Equinox Ritual with Ravens & Pines

— so we said to the somewhat: Be born —

     & the shadow kept arriving in segments, 

    cold currents pushed minerals

  up from the sea floor, up through

coral & labels of Diet Coke blame shame

bottles down there —

    it is so much work to appear!

 

unreadable zeroes drop lamps

     as mustard fields [Brassica rapa]

 gold without hinges, a vital

echo of caring...On the census,

just write: it exists! Blue Wednesday

        bells strike the air like forks

  on a thrift store plate,

 & the shadow moves off to the side...

 

In the woods, loved ones tramp through

   the high grass; they wait in a circle

for the fire to begin;

they throw paper dreams & sins upon

the pyre & kiss, stoking the first

    hesitant flame after touching a match

to the bad news — branches are thrust back

across myths before the flame catches — ;

ravens lurch through double-knuckled

pines & the oaks & the otherwise;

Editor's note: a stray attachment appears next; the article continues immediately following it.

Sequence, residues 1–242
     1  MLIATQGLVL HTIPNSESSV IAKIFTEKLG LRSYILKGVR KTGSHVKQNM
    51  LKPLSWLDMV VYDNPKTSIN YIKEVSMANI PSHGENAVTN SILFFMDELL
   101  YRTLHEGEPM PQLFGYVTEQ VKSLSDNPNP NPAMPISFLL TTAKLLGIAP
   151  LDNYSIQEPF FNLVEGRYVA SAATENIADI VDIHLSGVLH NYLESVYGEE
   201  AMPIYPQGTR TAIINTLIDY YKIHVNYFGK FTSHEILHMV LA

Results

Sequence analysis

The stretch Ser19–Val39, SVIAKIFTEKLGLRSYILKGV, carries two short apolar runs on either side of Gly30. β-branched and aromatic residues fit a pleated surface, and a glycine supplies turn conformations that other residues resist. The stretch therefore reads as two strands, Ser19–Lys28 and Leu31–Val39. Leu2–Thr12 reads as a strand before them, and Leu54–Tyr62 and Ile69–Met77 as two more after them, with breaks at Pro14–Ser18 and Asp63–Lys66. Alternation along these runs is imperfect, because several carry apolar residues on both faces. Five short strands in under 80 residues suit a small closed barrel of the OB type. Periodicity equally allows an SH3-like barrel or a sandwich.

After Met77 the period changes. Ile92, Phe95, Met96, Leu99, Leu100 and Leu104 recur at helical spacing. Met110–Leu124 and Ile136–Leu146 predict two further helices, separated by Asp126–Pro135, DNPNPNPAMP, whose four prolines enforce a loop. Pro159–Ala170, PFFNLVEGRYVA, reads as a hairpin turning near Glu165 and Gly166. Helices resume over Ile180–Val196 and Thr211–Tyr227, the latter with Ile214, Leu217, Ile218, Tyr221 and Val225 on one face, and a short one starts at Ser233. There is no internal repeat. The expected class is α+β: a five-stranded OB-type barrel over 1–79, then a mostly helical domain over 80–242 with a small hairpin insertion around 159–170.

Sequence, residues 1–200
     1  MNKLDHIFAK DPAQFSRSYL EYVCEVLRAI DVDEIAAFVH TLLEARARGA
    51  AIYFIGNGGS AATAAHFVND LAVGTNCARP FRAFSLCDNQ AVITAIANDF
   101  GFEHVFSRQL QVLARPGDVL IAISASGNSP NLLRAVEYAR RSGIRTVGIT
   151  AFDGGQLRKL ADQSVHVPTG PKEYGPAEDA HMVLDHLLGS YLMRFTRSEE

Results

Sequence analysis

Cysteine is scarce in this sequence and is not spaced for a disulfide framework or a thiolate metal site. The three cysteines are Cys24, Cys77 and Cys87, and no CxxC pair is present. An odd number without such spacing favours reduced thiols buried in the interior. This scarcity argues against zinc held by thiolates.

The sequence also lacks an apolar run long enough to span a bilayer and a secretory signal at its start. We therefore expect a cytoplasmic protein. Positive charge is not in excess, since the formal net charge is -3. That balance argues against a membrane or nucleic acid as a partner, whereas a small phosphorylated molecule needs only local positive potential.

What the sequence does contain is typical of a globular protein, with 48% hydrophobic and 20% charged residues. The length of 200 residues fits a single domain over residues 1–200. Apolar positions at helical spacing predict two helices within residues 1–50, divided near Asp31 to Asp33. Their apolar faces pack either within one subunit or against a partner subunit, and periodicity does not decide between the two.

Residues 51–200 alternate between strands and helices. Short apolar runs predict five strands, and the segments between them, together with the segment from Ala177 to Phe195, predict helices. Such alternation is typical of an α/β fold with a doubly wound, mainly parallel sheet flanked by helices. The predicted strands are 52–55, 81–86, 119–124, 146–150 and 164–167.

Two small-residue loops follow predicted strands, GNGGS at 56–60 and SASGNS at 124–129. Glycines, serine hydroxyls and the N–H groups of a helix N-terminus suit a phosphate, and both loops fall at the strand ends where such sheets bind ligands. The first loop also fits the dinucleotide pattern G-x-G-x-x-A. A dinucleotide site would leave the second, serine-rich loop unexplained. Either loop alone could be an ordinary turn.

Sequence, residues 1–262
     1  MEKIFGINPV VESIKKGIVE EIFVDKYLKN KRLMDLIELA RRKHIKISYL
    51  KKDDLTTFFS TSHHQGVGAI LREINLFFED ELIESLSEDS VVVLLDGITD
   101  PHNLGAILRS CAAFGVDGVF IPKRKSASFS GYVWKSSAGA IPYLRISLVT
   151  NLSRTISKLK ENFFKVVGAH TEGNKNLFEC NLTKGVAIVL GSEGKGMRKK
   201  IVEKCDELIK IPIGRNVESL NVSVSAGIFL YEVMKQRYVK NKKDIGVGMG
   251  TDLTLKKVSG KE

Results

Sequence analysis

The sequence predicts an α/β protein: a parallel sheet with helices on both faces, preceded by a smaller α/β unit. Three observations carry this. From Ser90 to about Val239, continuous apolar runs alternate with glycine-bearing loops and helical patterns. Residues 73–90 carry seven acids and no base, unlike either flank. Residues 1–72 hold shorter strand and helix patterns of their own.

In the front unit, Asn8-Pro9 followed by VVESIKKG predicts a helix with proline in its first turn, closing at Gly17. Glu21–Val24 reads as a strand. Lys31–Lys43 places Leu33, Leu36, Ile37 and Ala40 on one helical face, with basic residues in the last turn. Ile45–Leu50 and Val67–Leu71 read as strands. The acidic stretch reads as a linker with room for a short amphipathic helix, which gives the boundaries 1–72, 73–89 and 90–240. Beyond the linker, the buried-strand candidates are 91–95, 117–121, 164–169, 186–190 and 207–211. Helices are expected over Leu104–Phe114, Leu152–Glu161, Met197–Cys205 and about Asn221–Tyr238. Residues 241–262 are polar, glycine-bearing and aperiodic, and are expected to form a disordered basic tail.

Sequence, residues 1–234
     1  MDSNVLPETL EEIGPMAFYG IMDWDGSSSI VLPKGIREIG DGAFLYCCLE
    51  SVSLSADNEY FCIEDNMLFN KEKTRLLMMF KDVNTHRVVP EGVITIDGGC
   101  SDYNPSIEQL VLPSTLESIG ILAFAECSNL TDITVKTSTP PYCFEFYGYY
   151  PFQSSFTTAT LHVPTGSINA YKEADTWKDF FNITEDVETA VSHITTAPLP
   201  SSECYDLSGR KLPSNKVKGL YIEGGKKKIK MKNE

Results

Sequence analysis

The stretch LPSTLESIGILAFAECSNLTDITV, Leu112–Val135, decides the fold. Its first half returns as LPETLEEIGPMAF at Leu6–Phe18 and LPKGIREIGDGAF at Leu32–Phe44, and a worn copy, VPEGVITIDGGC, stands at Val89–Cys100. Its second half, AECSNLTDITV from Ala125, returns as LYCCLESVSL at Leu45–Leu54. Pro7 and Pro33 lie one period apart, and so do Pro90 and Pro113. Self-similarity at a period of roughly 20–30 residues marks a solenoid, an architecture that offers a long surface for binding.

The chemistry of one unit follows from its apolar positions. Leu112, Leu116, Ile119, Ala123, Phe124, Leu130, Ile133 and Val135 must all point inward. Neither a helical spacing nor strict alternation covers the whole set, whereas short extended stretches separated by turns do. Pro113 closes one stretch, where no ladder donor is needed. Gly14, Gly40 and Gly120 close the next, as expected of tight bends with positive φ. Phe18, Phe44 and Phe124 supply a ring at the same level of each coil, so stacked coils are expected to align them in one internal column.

a snake slithers over serpentine

then down to the first

    dark where every cry has size —

Brenda Hillman, “Equinox Ritual with Ravens & Pines,” from Seasonal Works with Letters on Fire. Copyright © 2013 by Brenda Hillman. Reprinted by permission of Wesleyan University Press.

Source: Seasonal Works with Letters on Fire (Wesleyan University Press, 2013)

Dive in 
  1. The action of the poem is mysterious, but the atmosphere of expectation and mythic possibility is strong. What is the speaker saying about the tension between the natural world and the human world of consumerism and waste?
  2. In the first stanza, the speaker invokes something to be born and a sense of motion is initiated, moving up from the ocean floor. How does this set the tone for the poem?
  3. The final stanza describes an equinox ritual where people write things they want to release onto paper and burn the paper in a fire. Does this feel like a contemporary ritual? Or a timeless one?
  4. What would you burn in the fire if you could let something go? Can you relate to the speaker of this poem?
  5. If you were going to recite this poem, how would you capture the sense of uprush of flame in the shape of the stanzas? Where would you pause? Where would you speed up?
  6. Write a poem about a seasonal ritual, real or imagined. What season would you choose?

Useful Links

 

Brenda Hillman on PBS NEWS HOUR: https://www.youtube.com/watch?v=J5_fy8TpKs0